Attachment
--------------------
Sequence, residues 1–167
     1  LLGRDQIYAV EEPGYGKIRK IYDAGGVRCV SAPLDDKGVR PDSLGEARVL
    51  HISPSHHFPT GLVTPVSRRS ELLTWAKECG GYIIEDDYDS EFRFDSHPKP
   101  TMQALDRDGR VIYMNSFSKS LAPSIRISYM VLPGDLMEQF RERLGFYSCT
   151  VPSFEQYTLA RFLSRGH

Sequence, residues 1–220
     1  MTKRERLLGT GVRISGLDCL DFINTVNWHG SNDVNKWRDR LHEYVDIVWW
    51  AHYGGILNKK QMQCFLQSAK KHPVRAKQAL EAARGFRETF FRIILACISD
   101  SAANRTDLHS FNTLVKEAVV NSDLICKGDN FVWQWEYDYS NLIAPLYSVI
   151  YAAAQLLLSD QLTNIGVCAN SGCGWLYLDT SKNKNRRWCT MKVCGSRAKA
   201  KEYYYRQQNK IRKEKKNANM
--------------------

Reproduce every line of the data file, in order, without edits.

Sequence, residues 1–167
     1  LLGRDQIYAV EEPGYGKIRK IYDAGGVRCV SAPLDDKGVR PDSLGEARVL
    51  HISPSHHFPT GLVTPVSRRS ELLTWAKECG GYIIEDDYDS EFRFDSHPKP
   101  TMQALDRDGR VIYMNSFSKS LAPSIRISYM VLPGDLMEQF RERLGFYSCT
   151  VPSFEQYTLA RFLSRGH

Sequence, residues 1–220
     1  MTKRERLLGT GVRISGLDCL DFINTVNWHG SNDVNKWRDR LHEYVDIVWW
    51  AHYGGILNKK QMQCFLQSAK KHPVRAKQAL EAARGFRETF FRIILACISD
   101  SAANRTDLHS FNTLVKEAVV NSDLICKGDN FVWQWEYDYS NLIAPLYSVI
   151  YAAAQLLLSD QLTNIGVCAN SGCGWLYLDT SKNKNRRWCT MKVCGSRAKA
   201  KEYYYRQQNK IRKEKKNANM